UCSF urologists recently produced a video that highlights a technique for using a vas deferens bladder sling to improve continence following robot-assisted laparoscopic radical prostatectomy (RARP). Urinary leakage is a common side effect after radical prostatectomy (removal of the prostate). While most men recover urinary control within 6-12 months of surgery, researchers have sought ways to increase the number of men who achieve continence and shorten the recovery time.
UCSF urologists, who developed the sling procedure, recently completed enrolling men in a randomized study to evaluate its effectiveness. The study, initiated by Dr. Peter Carroll, is one of a very few randomized trials evaluating surgical techniques.
The sling procedure uses the vas deferens (a tube that carries sperm from the testes to the prostate) to fashion a hammock-like support for the bladder neck. A similar procedure has been used with encouraging results in a nonrandomized study of men undergoing open surgical removal of the prostate. Through the randomized study, investigators seek high-quality data on whether the procedure is effective when performed as part of RARP, the surgical approach used in the majority of prostate cancer surgeries today.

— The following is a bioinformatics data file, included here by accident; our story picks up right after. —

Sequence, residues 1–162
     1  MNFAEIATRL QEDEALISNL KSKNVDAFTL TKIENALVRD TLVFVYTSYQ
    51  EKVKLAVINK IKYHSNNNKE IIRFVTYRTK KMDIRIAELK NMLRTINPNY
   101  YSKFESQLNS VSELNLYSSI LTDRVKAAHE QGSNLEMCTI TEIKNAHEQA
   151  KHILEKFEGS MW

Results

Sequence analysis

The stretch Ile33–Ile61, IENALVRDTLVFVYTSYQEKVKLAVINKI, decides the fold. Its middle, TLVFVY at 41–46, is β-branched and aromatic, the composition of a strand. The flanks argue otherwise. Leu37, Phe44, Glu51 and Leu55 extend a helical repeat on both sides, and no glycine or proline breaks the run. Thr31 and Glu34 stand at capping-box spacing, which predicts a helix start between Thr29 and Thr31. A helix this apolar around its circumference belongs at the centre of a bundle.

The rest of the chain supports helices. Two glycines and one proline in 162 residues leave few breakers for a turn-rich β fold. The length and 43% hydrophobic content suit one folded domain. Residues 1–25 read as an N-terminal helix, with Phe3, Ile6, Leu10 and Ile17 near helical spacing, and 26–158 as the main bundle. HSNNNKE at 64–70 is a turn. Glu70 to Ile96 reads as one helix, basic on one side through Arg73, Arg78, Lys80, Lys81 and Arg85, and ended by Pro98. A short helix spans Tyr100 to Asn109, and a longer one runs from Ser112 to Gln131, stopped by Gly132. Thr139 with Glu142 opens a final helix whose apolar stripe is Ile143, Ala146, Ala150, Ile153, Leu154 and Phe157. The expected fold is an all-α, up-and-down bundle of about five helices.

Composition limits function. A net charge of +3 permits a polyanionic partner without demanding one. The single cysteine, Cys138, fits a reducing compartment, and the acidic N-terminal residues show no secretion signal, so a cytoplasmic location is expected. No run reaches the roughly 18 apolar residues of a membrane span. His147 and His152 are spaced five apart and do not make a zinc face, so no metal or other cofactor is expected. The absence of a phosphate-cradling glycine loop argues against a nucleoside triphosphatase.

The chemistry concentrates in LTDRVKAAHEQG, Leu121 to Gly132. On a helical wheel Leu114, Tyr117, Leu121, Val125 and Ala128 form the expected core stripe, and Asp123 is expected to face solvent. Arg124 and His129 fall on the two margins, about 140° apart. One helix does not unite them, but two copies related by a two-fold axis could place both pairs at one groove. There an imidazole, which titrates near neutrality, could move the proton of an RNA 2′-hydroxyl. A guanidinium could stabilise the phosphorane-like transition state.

The 203 men who have been enrolled in the study were randomly assigned to receive or not receive the sling during their surgery. Safety data collected to date have not shown an increased risk of adverse side effects in those who received the sling. Researchers plan to evaluate the sling’s effectiveness in improving continence at three and six months after surgery.